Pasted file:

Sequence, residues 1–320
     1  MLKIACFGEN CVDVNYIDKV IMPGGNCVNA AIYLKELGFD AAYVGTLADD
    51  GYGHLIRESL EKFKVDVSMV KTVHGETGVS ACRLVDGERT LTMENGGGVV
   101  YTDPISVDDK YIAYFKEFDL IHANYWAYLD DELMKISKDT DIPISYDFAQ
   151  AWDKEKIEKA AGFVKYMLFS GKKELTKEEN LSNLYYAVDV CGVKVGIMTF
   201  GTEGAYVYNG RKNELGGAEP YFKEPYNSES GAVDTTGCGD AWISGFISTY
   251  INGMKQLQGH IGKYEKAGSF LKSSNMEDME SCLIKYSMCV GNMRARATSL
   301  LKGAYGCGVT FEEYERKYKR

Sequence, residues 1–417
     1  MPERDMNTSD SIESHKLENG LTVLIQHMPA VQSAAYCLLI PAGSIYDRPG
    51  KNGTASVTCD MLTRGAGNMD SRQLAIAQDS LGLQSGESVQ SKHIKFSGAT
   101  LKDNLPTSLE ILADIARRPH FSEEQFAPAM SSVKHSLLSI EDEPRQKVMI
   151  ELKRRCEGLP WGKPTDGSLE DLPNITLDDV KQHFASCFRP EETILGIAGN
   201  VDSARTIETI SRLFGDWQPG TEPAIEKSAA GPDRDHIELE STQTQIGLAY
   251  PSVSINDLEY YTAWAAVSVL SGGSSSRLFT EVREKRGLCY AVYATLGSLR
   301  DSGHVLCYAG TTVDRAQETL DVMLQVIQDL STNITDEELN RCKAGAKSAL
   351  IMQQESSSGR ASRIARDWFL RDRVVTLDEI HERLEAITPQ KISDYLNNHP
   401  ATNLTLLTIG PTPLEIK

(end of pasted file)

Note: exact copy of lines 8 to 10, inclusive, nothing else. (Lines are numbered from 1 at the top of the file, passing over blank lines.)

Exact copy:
   301  LKGAYGCGVT FEEYERKYKR

Sequence, residues 1–417
     1  MPERDMNTSD SIESHKLENG LTVLIQHMPA VQSAAYCLLI PAGSIYDRPG